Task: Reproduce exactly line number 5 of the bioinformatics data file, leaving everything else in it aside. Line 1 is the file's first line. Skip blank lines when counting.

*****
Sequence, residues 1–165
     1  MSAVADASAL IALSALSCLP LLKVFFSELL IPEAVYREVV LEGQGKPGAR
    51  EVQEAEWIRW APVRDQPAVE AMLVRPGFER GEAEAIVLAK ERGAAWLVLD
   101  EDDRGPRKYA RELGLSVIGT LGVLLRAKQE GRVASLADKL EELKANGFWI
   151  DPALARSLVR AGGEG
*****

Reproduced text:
   151  DPALARSLVR AGGEG